Disclosure of Interest

This case examines a scenario where the agent fails to take necessary steps when renting out a property that she owns.  It is important to note that in this case the brokerage had written policies regarding buying, selling or leasing real property and the broker was not found to be in violation of his supervision duties despite the violations of the agent.

The Situation:

On August 21, 2021, the Department of Professional and Occupational Regulation received a written complaint from Julia Cruise regarding Debora Moss.


Ms. Moss was issued a real estate salesperson license in February 2018 and had been an agent with Awesome Realty, LLC since February 2018.


The Investigation:


Investigators learned that Ms. Moss acquired a property located at 310 Main Street, Fredericksburg, Virginia (“Main Street”) in August 2015. In November 2020, Ms. Moss entered into a Residential Lease Agreement with Ms. Cruise for Main Street. The lease did not contain a written disclosure indicating that Ms. Moss was a licensed real estate salesperson and owner of the property. Ms. Cruise stated that she did not know that Ms. Moss was a licensed real estate salesperson and owner of Main Street.


Mr. Juan Suez , Principal Broker for Awesome Realty, LLC, told investigators that he was not aware of the Lease for Main Street until after Ms. Cruise’s complaint was received. He stated that Awesome Realty’s policy requires a review of the lease by the broker when it is the agents’ personal property.  Awesome Realty’s Policies and Procedures stated, in part:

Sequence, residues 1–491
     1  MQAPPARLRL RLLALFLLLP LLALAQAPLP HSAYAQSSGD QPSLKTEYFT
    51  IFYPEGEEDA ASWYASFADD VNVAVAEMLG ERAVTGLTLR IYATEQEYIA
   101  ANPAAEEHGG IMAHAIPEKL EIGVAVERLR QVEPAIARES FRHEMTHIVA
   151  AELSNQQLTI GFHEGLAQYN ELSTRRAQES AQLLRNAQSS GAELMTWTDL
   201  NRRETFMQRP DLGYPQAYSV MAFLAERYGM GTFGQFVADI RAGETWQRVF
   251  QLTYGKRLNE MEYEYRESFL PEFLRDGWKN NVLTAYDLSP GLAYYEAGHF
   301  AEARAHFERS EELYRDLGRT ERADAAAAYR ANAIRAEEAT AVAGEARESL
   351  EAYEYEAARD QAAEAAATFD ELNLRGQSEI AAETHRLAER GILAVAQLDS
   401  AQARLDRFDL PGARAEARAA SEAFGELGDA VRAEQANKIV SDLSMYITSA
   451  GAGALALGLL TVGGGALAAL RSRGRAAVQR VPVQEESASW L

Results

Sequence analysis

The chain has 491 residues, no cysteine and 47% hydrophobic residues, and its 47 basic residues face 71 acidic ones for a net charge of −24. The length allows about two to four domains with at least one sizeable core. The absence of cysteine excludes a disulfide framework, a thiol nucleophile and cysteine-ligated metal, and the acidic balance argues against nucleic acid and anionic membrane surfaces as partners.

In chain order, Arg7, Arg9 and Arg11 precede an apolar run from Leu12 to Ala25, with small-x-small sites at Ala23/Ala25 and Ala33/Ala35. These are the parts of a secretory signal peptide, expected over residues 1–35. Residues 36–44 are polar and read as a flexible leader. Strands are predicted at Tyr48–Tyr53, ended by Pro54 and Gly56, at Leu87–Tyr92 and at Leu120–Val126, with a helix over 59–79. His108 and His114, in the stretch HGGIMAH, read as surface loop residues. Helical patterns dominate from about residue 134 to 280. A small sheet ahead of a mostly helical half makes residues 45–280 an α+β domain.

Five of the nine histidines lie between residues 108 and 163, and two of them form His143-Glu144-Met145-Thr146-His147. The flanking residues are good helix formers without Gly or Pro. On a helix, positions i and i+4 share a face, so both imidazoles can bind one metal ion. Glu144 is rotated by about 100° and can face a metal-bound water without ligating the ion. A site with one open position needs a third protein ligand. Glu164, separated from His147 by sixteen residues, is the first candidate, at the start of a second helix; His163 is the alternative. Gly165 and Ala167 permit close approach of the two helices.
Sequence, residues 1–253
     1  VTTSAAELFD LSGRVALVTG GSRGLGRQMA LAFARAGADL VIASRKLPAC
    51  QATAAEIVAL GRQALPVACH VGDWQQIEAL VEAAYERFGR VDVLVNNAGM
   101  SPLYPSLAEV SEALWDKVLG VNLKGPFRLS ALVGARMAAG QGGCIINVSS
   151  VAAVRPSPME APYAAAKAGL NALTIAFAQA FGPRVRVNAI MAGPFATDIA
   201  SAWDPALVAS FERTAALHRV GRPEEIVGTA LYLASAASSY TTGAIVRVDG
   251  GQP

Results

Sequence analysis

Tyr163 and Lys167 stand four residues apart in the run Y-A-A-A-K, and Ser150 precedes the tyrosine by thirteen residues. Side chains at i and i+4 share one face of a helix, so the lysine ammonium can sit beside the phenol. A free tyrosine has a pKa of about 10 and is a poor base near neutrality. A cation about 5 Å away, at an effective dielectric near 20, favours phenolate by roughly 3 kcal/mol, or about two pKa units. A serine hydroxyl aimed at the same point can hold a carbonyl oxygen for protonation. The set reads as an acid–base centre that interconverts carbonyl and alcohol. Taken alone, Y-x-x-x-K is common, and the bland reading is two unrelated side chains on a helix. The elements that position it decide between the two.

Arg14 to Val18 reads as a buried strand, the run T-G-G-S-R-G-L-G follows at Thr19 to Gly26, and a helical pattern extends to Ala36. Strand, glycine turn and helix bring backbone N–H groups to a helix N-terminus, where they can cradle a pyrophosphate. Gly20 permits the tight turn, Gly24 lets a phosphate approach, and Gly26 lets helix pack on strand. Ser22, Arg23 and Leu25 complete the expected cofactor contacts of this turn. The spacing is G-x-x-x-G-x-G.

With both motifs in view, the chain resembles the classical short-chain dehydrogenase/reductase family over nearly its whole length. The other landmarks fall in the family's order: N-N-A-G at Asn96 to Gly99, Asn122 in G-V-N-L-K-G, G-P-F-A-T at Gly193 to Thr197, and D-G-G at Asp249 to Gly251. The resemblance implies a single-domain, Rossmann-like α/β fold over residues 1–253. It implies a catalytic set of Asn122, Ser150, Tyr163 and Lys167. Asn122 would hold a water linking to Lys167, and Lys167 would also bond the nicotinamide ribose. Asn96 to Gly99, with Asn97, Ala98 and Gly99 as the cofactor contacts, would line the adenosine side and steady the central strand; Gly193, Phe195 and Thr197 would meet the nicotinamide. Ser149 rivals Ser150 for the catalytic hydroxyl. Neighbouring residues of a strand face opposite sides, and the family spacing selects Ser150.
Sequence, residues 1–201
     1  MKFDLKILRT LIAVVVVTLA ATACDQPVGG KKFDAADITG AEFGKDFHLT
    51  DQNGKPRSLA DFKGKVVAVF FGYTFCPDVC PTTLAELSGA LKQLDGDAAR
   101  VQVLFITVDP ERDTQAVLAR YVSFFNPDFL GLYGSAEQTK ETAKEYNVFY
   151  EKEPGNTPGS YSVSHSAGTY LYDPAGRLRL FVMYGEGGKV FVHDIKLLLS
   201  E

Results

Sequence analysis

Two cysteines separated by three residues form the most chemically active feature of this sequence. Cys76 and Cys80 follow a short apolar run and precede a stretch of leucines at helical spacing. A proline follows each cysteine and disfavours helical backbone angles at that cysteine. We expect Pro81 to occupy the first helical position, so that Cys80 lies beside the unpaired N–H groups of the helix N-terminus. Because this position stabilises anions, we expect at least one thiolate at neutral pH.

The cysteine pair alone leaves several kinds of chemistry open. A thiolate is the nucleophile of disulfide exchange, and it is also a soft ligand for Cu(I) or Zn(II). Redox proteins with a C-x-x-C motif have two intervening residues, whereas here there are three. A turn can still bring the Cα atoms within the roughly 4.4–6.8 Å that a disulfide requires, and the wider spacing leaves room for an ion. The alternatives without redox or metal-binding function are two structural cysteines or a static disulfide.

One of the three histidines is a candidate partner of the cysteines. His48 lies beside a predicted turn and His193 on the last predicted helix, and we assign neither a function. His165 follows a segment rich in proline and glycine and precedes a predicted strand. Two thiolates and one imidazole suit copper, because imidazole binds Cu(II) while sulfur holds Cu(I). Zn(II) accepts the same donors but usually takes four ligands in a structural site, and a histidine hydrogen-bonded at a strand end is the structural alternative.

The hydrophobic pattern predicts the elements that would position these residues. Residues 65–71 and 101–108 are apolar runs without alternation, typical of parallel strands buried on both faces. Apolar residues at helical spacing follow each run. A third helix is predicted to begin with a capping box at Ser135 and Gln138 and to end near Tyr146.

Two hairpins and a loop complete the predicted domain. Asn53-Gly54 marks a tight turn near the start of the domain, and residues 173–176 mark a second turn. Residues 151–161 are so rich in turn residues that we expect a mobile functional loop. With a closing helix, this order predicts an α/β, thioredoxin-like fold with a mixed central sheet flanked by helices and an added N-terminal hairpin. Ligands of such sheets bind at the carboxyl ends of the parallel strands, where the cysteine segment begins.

Buying, Selling or Leasing Any Real Property. If a real estate licensee buys, sells, or leases any real property, such licensee must disclose that they are a Virginia licensed salesperson or broker (as applicable) in the purchase or lease agreement. Each transaction must be reviewed by the principal broker prior to submittal to the other party in the transaction to ensure compliance with the disclosure requirement.


Ms. Cruise told investigators that in March 2021, Ms. Moss informed her that she needed to sell Main Street, but she would move her to another property. Ms. Cruise stated that Ms. Moss told her on March 10, 2021 that she needed to move out of the property by April 15, 2021. Ms. Cruise moved into a property located at 421 Magnolia Street, Fredericksburg, Virginia.


Investigators learned that 421 Magnolia Street was owned by Amelia Stevens. Ms. Moss told investigators that Ms. Stevens gave her permission to lease the Magnolia Street property, but she did not receive anything in writing from Ms. Stevens indicating that she received permission to lease the property.


On April 26, 2021, Ms. Moss told Ms. Cruise that she would need to move out of the property by May 31, 2021 because she was selling the property.  On or about May 1, 2021, Ms. Moss told Ms. Cruise that she needed to move out of the Magnolia Street property by May 14, 2021 and gave her a 14 day notice. Ms. Cruise moved out on May 13, 2021. She told investigators, “There wasn’t a lease for Magnolia Street. We had agreed that everything would transfer from the Main Street property. There was never an agreement or a discussion about me being month to month.”


Ms. Moss told investigators that there was no second lease because Ms. Cruise became a month-to-month tenant.


The Result:


The Board determined that Ms. Moss, as leasing agent, failed to disclose in writing that she was a licensed salesperson and the owner of Main Street, failed to execute a written brokerage agreement with Ms. Cruise, failed to inform her broker of the transaction, and failed to submit the lease to her broker. The Board required her to pay a fine of $2,700 for the four violations and required her to take Board-approved Post-License education in the following areas: 3 hours pertaining to Agency; 6 hours pertaining to Real Estate Laws and Regulations; 6 hours pertaining to Contract Writing; and 3 hours pertaining to Ethics and Standards of Conduct.


Published June 2022